Tougard, C., Delefosse, T., Hänni, C. & Montgelard, C. 2001. Phylogenetic relationships of the five extant rhinoceros species (Rhinocerotidae, Perissodactyla) based on mitochondrial cytochrome b and 12S rRNA genes. Molecular Phylogenetics and Evolution 19, 34-44.

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Anonymous Anonymous said...

I think it's understandable why Sumatran rhinos would be regarded by the public as "living fossils": they're obviously rhinos, but they're different from most people's conception of what a "rhino" should look like. What's more, being small(ish) and having small(ish) horns and lots of body hair, they look more like "typical" mammals than other rhinos do.

Plus, the profuse body hair also ties in with the notion (based on things like woolly mammoths and woolly rhinos) that today's large, naked land mammals used to be hairier in "the past".

That said, it's all about perception. If Sumatran rhinos had been the first ones encountered by Westerners, we might instead regard them as "normal" rhinos and the other species as bizarre aberrations.


3:11 AM  
Blogger Ivan said...

Very fascinating. I'm not a fan of the term 'living fossil' myself, especially when I see so many use that term for extant sharks, chelonians and crocodilians.

So how does Coelodonta fit in among extant rhino species? And I'd always been led to believe that many of the European 'Dicerorhinus' had been placed in Stephanorhinus.

3:13 AM  
Anonymous Anonymous said...

Here here. Another frequent (mis)use of the term "living fossil" is as a rough synonym of "Lazarus taxon." See for instance the top google hit for living fossil, this deeply troubling site.

Funny (or not) that the two iconic staples of popular accounts of evolution, the "missing link" and the "living fossil", are both so deeply misleading and so apparently immortal [p;'kpol-['l;. A simplistic analysis might chalk the whole mess up to "punctuated equilibria." Luckily I've never been prone to simplistic analyses.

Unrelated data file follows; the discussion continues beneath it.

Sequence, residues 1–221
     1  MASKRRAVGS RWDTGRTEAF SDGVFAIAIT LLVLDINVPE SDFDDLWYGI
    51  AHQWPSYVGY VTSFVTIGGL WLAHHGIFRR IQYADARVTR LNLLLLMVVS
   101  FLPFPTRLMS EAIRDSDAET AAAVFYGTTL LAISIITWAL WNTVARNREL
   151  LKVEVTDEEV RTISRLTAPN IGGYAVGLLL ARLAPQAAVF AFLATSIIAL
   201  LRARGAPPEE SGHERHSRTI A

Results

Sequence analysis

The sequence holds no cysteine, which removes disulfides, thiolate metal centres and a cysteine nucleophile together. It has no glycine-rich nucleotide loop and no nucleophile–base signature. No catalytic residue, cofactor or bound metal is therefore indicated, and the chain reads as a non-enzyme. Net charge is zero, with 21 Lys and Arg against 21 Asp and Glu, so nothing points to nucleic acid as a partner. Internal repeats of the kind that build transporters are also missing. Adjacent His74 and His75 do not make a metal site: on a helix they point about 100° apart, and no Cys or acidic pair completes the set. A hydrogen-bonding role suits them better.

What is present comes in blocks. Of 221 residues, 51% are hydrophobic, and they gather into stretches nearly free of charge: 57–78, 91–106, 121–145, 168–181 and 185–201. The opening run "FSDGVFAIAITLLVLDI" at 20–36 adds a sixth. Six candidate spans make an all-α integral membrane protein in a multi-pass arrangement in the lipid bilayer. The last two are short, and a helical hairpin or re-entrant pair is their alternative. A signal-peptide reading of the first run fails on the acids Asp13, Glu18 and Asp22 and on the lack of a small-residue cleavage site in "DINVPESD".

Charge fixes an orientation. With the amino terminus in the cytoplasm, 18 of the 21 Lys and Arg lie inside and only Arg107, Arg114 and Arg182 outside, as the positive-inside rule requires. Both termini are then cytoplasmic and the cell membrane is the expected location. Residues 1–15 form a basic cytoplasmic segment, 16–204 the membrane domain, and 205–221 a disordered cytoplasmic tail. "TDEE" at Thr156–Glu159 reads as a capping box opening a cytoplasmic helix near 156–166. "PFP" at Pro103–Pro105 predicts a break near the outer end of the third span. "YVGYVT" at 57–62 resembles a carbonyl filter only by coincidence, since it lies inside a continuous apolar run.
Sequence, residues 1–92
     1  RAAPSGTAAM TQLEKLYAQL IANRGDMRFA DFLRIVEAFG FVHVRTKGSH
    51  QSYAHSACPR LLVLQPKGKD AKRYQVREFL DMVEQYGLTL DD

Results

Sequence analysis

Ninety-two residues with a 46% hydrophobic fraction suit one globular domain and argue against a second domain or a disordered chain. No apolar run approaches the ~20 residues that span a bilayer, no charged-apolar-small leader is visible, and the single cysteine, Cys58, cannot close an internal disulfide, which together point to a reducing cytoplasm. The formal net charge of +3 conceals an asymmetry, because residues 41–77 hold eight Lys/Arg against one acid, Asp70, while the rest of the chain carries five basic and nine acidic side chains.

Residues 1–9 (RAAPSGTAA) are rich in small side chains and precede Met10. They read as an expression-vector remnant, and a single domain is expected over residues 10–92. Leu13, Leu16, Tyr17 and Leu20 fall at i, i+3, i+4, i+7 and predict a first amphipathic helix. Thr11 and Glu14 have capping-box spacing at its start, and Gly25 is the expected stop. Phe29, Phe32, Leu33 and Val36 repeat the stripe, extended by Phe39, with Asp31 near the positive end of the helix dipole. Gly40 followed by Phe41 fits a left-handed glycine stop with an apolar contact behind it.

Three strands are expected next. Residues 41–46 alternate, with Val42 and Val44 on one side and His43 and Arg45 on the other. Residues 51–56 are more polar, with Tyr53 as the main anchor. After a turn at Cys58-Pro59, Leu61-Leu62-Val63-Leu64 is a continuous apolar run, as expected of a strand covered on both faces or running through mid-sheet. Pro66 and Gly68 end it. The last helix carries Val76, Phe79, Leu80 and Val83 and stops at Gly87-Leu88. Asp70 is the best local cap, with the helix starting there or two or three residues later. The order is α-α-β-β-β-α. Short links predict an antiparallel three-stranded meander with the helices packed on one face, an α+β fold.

3:43 AM  
Anonymous Anonymous said...

Fascinating stuff, Darren. I never really thought too much about the 'living fossil' bit, but it does seem rather silly, doesn't it?

Thanks for the read. Always a pleasure.

4:07 AM  
Blogger Darren Naish said...

Thanks to all for their comments.

Response to hai-ren: the picture of rhinocerotid phylogeny becomes pretty complex when you add in all the fossil taxa, as there are so many of them. While Coelodonta has conventionally been placed next to Dicerorhinus within the rhinocerotine tribe Rhinocerotina, Cerdeño 1995) argued that Coelodonta was actually an elasmothere, as was Stephanorhinus. According to her work, neither of these two were close to Dicerorhinus, and Stephanorhinus was, obviously, clearly distinct. However, this has not been widely accepted. The inclusion of Coelodonta within the elasmotheres has not been followed by other rhino workers (e.g. Antoine & Welcomme 2000, Antoine 2003), and the idea that Stephanorhinus might be well away from Dicerorhinus has been heavily criticised (Fortelius et al. 2003). While quite a few rhino workers regard Stephanorhinus as a distinct genus (the alternative name Dihoplus also exists for some members of this group), others continue to regard the two as synonymous, and this is the view I followed here (after McKenna & Bell 1997).

Lots more could be said about the affinities and evolutionary history of woolly rhinos, elasmotheres and other groups. One more thing: it's worth noting that Coelodonta now has a record extending back to the mid Pliocene, with the Chinese species C. nihowanensis being known from sediments deposited in a dry, cold habitat (Deng 2002). The earliest known elasmothere, Bugtirhinus, was small-bodied and from the tropical Bugti Fauna of Pakistan, so only late, specialised elasmotheres were giant, cold-climate forms (Antoine & Welcomme 2000).

Refs - -

Antoine, P.-O. 2003. Middle Miocene elasmotheriine Rhinocerotidae from China and Mongolia: taxonomic revision and phylogenetic relationships. Zoologica Scripta 32, 95–118.

- . & Welcomme, J.-L. 2000. A new rhinoceros from the lower Miocene of the Bugti Hills, Baluchistan, Pakistkan: the earliest elasmotheriine. Palaeontology 43, 795-816.

Cerdeño, E. 1995. Cladistic analysis of the family Rhinocerotidae (Perissodactyla). American Museum Novitates 3143, 1-25.

Deng, T. 2002. The earliest known wooly [sic] rhino discovered in the Linxia basin, Gansu Province, China. Geological Bulletin of China 21, 604-608.

Fortelius, M., Heissig, K., Saraç, G. & Sen, S. 2003. Rhinocerotidae (Perissodactyla). In Fortelius, M., Kappelman, J. W., Sen S. & Bernor, R. L. (eds). The Miocene Sinap Formation, Central Turkey. Columbia University Press, pp. 282-307.